Civil rights groups push prison call reform

“Most Americans don’t realize that it’s about 10 times more expensive to call anyone from a prison than to call Singapore from your office desk,” said Wade Henderson, president of the Leadership Conference on Civil and Human Rights, which is made up of more than 200 national groups.

The FCC is currently considering an order that would prevent phone companies from charging prisoners and their families such high rates, and is scheduled to vote on the measure on Friday.

Activists have been pushing the commission to take a stand for more than a decade, since a lawsuit from a grandmother struggling to keep in touch with her incarcerated grandson was referred to the FCC in 2001.

The extra charges, they say, make it harder for prisoners and their families to integrate into society.

“We know that success and addressing issues of recidivism are deeply tied to communications that can be maintained to those people in prison, their families and outside friends and representatives,” said Hilary Shelton, the NAACP’s Washington bureau chief. “But we also now that, as we’ve spoken to even criminal defense lawyers, that these very exploitative prison rates from these telephone companies that are exploiting these people make it quite difficult for them to maintain contact with their legal counsel, creating all kinds of problems with their representation.”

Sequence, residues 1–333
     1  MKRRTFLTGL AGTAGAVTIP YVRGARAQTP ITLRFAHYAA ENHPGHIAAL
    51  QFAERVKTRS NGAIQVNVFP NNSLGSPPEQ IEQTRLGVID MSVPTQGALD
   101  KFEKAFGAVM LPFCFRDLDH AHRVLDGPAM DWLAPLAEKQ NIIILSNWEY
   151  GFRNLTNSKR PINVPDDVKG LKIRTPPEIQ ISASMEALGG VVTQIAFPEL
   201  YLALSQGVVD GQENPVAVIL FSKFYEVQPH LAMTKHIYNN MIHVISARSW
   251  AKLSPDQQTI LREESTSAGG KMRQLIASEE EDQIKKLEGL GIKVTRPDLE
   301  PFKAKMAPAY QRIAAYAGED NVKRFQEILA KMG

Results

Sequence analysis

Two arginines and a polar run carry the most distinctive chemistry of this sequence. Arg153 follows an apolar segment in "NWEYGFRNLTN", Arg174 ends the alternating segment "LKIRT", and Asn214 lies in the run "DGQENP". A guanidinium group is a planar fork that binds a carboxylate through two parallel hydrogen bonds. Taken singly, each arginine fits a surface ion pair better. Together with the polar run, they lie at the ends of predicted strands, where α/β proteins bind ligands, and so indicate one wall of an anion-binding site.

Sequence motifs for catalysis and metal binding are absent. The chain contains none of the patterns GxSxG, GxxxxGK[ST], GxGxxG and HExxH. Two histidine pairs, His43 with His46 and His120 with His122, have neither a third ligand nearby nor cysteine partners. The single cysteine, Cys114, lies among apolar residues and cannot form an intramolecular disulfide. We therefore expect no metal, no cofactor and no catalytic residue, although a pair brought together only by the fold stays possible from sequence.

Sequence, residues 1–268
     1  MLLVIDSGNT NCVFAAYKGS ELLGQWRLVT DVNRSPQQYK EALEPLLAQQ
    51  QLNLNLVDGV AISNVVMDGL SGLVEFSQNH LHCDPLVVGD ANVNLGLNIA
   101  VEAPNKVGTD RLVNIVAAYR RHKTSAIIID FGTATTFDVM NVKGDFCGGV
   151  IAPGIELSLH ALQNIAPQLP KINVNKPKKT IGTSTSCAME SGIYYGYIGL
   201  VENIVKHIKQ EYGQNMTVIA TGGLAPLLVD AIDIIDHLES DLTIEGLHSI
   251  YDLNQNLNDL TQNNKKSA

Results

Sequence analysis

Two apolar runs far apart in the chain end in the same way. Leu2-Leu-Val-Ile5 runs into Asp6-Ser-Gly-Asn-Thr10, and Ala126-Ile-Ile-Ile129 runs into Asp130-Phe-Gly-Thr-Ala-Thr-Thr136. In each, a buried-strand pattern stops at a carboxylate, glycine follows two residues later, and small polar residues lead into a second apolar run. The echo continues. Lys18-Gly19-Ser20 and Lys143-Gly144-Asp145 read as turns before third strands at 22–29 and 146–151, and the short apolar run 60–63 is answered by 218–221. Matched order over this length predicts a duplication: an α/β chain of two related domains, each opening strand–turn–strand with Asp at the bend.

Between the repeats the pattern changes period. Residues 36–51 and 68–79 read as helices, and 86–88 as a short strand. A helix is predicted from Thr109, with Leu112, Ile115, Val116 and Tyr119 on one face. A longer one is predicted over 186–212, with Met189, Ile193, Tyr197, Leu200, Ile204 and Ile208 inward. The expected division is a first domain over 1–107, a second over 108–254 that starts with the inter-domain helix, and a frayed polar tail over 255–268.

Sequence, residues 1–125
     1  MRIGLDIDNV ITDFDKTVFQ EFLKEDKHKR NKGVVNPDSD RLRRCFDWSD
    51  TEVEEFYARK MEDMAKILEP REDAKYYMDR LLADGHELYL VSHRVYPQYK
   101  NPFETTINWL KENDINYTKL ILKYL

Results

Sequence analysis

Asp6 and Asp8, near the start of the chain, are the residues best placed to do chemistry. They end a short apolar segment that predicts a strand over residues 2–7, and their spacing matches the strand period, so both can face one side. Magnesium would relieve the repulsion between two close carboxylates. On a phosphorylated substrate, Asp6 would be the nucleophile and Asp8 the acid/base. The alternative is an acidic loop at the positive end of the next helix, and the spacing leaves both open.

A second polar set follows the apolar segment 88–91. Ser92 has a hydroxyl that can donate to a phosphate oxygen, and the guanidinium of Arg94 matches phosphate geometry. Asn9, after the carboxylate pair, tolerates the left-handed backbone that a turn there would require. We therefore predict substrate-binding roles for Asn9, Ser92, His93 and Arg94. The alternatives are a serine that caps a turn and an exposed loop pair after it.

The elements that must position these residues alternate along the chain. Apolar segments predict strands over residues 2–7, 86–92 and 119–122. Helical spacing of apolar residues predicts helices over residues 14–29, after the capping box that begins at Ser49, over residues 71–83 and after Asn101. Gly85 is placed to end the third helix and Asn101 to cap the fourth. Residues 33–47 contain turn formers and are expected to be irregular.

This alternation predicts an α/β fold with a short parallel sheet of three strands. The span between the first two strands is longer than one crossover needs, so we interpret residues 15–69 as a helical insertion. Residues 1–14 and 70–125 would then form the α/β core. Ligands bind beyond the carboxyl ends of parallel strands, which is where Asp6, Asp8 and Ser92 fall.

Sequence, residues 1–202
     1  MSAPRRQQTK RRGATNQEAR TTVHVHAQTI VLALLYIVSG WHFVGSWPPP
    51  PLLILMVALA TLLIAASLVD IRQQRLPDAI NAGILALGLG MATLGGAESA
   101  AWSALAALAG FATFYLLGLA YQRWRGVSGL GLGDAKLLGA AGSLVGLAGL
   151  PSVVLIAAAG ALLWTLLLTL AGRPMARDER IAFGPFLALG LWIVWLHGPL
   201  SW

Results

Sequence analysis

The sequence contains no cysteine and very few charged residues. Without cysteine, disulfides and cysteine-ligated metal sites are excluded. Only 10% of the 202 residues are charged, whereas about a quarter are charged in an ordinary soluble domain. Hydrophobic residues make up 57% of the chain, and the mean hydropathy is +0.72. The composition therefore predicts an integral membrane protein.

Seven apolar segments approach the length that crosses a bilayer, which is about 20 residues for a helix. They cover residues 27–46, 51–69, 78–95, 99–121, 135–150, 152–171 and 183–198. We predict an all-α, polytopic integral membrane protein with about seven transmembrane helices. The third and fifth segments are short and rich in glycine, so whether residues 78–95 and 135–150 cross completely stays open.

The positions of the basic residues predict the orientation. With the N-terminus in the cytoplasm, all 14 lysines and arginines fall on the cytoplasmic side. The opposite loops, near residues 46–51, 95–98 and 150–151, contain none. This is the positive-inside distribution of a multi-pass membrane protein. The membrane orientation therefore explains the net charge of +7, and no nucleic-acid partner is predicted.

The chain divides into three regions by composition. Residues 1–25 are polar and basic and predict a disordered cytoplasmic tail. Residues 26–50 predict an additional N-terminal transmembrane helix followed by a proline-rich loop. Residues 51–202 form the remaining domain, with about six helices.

FCC Commissioner Ajit Pai, a Republican, has indicated he will vote against the proposal because it could make it harder for some inmates to access calling services, pose public safety concerns and be difficult to implement.

The higher charges are the result of contracts phone companies sign with states and local governments and vary widely between states.

Phone companies have said that the charges are necessary to pay for security measures and other costs.